Information needs of communities: The changing media landscape in a broadband age

 
By

August 4, 2011

In 2011, the Federal Communications Commission published a 500-page report, “The Information Needs of Communities: The Changing Media Landscape in a Broadband Age,” that assessed civic and news industry trends and made recommendations to help address ongoing difficulties.

Among the purposes was to focus on those problem areas that may lead to the impaired functioning of democracy: “Most significant among them: in many communities, we now face a shortage of local, professional, accountability reporting. This is likely to lead to the kinds of problems that are, not surprisingly, associated with a lack of accountability — more government waste, more local corruption, less effective schools, and other serious community problems.”

Key points made in the report include:

  • There continue to be deep questions about the future profitability of traditional media: “Newspaper advertising revenue dropped 47% from 2005 to 2009.” Moreover, “between 2006 and 2009, daily newspapers cut their annual editorial spending $1.6 billion per year.” The number of working journalists has shrunk to pre-1970 levels, including the loss of roughly 13,400 newspaper newsroom positions in the past four years.
  • “An abundance of media outlets does not translate into an abundance of reporting.” For example, “520 local TV stations … air no local news at all.” Additionally, “only about 25% to 30% of the population has access to a local all-news cable channel.” As for radio, “the number of commercial all-news stations has dropped from 50 in the mid-1980s to 30 today — with only 30 to 40 percent of the population living in an area that has an all-news [radio] station.”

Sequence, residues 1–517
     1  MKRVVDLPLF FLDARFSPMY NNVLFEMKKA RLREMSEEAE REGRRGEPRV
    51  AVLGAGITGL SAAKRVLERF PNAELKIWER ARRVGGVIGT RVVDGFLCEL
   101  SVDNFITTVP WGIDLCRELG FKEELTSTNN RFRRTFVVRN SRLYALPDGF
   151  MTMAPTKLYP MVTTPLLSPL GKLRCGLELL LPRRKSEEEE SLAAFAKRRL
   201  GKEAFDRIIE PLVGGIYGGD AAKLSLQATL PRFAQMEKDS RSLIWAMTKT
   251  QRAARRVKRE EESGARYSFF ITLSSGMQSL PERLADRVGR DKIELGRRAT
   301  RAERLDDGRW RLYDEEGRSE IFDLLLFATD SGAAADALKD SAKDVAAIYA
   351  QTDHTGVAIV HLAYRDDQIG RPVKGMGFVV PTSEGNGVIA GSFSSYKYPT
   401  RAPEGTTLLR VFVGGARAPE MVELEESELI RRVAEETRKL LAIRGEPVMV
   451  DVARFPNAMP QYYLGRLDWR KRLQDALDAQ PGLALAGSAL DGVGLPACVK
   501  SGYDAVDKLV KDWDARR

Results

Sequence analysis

• Despite a sense that “old media” offerings are become increasingly less relevant, “traditional media players — TV stations and newspapers — have emerged as the largest providers of local news online.”
  • The report’s authors estimate that “it would take the media universe as a whole — commercial and nonprofit sectors — somewhere between $265 million and $1.6 billion annually to bridge the gaps we now see in the provision of civically important information.”

Among the recommendations made in the report are calls for “universal broadband and an open Internet [as] essential prerequisites for ensuring that the new media landscape serves communities well” and that “existing government advertising spending should be targeted more toward local media.” Other recommendations include the creation of state-based media outlets along the lines of C-SPAN that would increase public access to the workings of government; putting more government data online; changing tax policy to help nonprofit media thrive; removing certain obstacles for public broadcasting to help promote more local content; and the encouragement of more philanthropic and foundation funding for more media efforts.

Tags: technology

 

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